Here Kaunda is discussing military rule and why he sees it as a dead end for newly independent African nations. (Military rule mostly came in with the second generation of dictators, such as Idi Amin and Mobutu, and usually with strong support from the US and western Europe.) What’s helpful about this is Kaunda actually comes to power in 1964, so he is around when Nkrumah is overthrown and is able to witness the ascent of military states in post-colonial Africa. While we obviously don’t have military governments in the west, I worry that the fears Kaunda associates with military governments—ruling only by force and never by persuasion, possessing an indifference to their credibility with the people, a certain remoteness from the virtues of civic life, and so on—are all very much with us today.
To my mind, military government is always bad government.There are whole areas of the nation’s life where a government, conscious of the deep feelings of the people, must desist from the use of the power at its disposal in order to persuade. Education rather than coercion is the only way in which certain national goods can be achieved. Military government has only one tactic—the unquestioning use of physical force. And for a government’s image to appear before the people primarily as an authoritarian agency is bad for morale and poor education in democracy. The dference which is given to army officers is not evoked by their personal qualities however fine; it is respect paid to them in their capacity as servents of the state; it is the people acknowledging the sovereignty of the state through them by virtue of a commission granted to them to discharge certain functions. When those whose authority is vested in their servanthood become masters, the moral basis of Government is discredited.
With certain brilliant exceptions, the military mind is not adept at the arts of politics. It knows little of the compromises, accommodations, and persuasion which underlie political decisions. Because the military leader must have an unquestioning conviction that he knows what is best for those under him, he is prone to translate this possibly unwarranted self-confidence into the political sphere with disastrous results, for there are no representative mechanisms through which he can be curbed. Every political leader can be removed by due process of the constitution. He must always be keenly aware of the power of the people to dismiss him. The authority of the military leader is derived from sources other than public accountability and so he is likely to foment more trouble than he believes he has taken over power to settle.
Military power is always negative in character. There may be circumstances where widespread corruption justifies a military coup. But the most the army can do is to ensure basic law and order. IT has not the means, the skill, or the mandate to achieve detailed political reform.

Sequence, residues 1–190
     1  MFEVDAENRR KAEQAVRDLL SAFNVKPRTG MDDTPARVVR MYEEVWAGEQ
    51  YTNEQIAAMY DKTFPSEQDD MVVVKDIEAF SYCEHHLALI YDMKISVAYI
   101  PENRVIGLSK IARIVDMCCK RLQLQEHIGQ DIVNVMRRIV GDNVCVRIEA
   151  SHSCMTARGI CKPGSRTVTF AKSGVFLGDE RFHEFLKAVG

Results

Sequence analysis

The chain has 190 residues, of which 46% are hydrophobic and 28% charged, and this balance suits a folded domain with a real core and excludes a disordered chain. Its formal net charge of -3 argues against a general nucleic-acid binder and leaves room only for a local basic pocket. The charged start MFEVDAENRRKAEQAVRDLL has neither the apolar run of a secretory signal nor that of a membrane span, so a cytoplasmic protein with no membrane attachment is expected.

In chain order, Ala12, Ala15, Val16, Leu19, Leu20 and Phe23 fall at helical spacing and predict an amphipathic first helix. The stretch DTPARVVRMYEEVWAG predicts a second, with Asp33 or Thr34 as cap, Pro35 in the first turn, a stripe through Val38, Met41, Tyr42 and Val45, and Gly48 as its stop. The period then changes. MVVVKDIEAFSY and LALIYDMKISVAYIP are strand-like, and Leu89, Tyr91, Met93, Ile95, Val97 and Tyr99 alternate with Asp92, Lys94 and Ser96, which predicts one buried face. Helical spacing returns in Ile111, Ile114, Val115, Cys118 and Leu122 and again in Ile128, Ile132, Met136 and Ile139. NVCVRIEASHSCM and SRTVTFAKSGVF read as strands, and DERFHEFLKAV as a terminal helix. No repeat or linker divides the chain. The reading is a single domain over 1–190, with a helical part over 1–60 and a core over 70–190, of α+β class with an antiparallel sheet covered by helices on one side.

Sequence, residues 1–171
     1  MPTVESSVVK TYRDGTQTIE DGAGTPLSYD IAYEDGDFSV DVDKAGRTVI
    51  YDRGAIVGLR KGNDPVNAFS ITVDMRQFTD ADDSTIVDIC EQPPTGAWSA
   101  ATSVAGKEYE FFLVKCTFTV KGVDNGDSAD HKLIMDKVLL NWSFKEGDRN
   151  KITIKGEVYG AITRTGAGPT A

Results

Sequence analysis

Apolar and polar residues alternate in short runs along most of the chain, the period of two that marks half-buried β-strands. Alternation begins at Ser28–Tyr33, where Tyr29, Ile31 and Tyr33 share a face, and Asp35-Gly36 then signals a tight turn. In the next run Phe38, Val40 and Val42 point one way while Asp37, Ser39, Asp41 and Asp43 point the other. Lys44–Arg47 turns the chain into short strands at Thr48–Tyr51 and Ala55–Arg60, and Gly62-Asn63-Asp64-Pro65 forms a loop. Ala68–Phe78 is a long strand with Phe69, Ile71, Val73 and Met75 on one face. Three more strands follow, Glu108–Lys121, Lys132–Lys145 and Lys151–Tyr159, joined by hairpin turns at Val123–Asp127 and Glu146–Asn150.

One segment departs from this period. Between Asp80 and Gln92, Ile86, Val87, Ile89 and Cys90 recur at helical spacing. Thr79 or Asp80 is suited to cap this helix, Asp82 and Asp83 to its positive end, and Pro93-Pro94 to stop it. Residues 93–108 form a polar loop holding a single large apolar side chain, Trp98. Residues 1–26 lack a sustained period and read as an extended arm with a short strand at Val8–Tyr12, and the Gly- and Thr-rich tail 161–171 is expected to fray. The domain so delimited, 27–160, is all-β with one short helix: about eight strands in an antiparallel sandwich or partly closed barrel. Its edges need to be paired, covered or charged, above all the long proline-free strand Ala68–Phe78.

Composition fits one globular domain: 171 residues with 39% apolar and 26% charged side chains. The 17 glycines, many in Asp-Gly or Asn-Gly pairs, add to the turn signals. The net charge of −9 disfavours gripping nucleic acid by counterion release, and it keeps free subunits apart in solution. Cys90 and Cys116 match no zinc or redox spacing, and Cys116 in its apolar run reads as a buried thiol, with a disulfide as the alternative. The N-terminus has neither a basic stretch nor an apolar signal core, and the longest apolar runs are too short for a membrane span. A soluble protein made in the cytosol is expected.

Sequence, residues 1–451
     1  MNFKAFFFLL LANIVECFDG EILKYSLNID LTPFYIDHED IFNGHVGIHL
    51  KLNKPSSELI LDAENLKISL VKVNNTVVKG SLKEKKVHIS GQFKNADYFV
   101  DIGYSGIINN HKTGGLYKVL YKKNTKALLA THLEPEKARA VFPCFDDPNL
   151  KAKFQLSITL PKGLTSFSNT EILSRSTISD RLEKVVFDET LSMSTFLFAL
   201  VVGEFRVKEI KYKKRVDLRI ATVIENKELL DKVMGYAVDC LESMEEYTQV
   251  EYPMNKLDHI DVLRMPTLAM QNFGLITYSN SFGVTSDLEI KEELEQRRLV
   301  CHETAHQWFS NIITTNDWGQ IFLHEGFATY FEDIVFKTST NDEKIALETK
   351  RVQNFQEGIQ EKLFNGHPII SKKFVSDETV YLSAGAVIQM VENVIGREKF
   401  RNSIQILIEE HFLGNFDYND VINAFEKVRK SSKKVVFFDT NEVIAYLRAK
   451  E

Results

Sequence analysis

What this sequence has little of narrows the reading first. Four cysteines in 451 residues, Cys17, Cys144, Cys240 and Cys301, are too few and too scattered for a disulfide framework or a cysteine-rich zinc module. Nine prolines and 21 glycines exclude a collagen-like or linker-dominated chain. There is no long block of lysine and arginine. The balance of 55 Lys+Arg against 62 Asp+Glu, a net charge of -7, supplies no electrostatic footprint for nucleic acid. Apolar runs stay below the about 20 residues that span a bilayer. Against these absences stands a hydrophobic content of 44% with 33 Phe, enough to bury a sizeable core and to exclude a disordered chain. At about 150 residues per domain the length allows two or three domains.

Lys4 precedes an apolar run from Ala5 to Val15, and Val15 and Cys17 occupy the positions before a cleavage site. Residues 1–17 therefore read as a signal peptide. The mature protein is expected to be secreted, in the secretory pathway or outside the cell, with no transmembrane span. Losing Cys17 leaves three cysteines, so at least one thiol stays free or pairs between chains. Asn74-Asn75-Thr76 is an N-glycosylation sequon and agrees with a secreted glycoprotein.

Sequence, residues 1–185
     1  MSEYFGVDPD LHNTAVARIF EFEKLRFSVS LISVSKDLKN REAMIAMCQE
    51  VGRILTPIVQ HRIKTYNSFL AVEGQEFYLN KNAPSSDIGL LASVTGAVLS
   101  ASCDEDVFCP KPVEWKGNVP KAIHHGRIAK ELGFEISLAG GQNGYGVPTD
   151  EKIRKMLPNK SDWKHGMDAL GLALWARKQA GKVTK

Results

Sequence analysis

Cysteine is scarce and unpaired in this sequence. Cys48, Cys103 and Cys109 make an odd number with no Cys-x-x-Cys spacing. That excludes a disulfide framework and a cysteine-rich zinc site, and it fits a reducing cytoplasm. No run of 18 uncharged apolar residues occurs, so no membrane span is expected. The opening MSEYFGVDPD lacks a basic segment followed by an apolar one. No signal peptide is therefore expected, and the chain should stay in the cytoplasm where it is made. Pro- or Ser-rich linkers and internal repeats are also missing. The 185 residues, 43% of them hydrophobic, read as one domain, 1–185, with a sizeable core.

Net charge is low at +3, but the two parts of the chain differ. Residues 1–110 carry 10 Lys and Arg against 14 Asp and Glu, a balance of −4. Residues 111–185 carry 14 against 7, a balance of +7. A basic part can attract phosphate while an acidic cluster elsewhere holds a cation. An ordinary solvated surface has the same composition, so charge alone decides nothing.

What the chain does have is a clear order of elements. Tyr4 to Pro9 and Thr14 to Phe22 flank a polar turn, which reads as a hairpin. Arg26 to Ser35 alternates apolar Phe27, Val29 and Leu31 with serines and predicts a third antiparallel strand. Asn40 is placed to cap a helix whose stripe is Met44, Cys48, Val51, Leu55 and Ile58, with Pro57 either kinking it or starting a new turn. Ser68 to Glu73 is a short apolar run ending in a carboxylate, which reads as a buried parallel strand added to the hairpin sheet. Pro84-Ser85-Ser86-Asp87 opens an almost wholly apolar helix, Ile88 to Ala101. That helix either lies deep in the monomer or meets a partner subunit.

Any government established by military force is inviting its overthrow by the same means. God forfend that Africa should see a succession of revolutions and counter-revolutions of the kind which have scarred the face of the Middle East and Latin America.
The organisers of recent military coups in Africa have declared their intention of handing back power as soon as possible to the civil authorities. I pray that they do so at the first possible moment. Meanwhile, the moral of these coups must be taken to heart by all leaders in Africa. Corruption or complacency, degeneration of the nationalist Party, increasing remoteness of Governments from the people all invite this swift retribution. But let no one imagine that military coups are the final answer. The onward progress of the nation will be retarded and forces set in motion which inhibit that respect for democracy which is the essential prerequisite of all nation-building.
Jake Meador is the editor-in-chief of Mere Orthodoxy. He is a 2010 graduate of the University of Nebraska-Lincoln where he studied English and History. He lives in Lincoln, NE with his wife Joie, their daughter Davy Joy, and sons Wendell, Austin, and Ambrose. Jake's writing has appeared in The Atlantic, Commonweal, Christianity Today, Fare Forward, the University Bookman, Books & Culture, First Things, National Review, Front Porch Republic, and The Run of Play and he has written or contributed to several books, including "In Search of the Common Good," "What Are Christians For?" (both with InterVarsity Press), "A Protestant Christendom?" (with Davenant Press), and "Telling the Stories Right" (with the Front Porch Republic Press).